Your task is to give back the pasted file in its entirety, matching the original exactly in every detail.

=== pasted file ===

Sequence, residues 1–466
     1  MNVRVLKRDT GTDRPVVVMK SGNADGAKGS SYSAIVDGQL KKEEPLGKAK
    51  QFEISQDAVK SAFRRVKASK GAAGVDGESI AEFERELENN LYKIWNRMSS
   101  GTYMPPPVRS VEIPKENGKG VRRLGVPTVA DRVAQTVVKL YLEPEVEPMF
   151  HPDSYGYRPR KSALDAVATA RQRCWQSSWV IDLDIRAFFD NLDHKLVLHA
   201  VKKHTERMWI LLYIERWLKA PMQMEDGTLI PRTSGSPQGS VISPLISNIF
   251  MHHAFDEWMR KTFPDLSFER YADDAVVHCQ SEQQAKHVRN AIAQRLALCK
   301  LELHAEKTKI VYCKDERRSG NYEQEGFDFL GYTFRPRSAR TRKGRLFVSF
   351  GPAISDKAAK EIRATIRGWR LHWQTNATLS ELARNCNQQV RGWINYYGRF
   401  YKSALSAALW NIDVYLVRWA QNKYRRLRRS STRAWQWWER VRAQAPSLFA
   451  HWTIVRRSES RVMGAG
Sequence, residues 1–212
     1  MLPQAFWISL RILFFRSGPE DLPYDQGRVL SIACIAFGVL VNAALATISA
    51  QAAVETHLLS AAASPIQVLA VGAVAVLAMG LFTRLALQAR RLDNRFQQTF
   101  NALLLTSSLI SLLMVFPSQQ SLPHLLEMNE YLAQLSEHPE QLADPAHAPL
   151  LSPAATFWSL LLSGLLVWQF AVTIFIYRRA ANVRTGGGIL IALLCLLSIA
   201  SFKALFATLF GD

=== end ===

Sequence, residues 1–466
     1  MNVRVLKRDT GTDRPVVVMK SGNADGAKGS SYSAIVDGQL KKEEPLGKAK
    51  QFEISQDAVK SAFRRVKASK GAAGVDGESI AEFERELENN LYKIWNRMSS
   101  GTYMPPPVRS VEIPKENGKG VRRLGVPTVA DRVAQTVVKL YLEPEVEPMF
   151  HPDSYGYRPR KSALDAVATA RQRCWQSSWV IDLDIRAFFD NLDHKLVLHA
   201  VKKHTERMWI LLYIERWLKA PMQMEDGTLI PRTSGSPQGS VISPLISNIF
   251  MHHAFDEWMR KTFPDLSFER YADDAVVHCQ SEQQAKHVRN AIAQRLALCK
   301  LELHAEKTKI VYCKDERRSG NYEQEGFDFL GYTFRPRSAR TRKGRLFVSF
   351  GPAISDKAAK EIRATIRGWR LHWQTNATLS ELARNCNQQV RGWINYYGRF
   401  YKSALSAALW NIDVYLVRWA QNKYRRLRRS STRAWQWWER VRAQAPSLFA
   451  HWTIVRRSES RVMGAG
Sequence, residues 1–212
     1  MLPQAFWISL RILFFRSGPE DLPYDQGRVL SIACIAFGVL VNAALATISA
    51  QAAVETHLLS AAASPIQVLA VGAVAVLAMG LFTRLALQAR RLDNRFQQTF
   101  NALLLTSSLI SLLMVFPSQQ SLPHLLEMNE YLAQLSEHPE QLADPAHAPL
   151  LSPAATFWSL LLSGLLVWQF AVTIFIYRRA ANVRTGGGIL IALLCLLSIA
   201  SFKALFATLF GD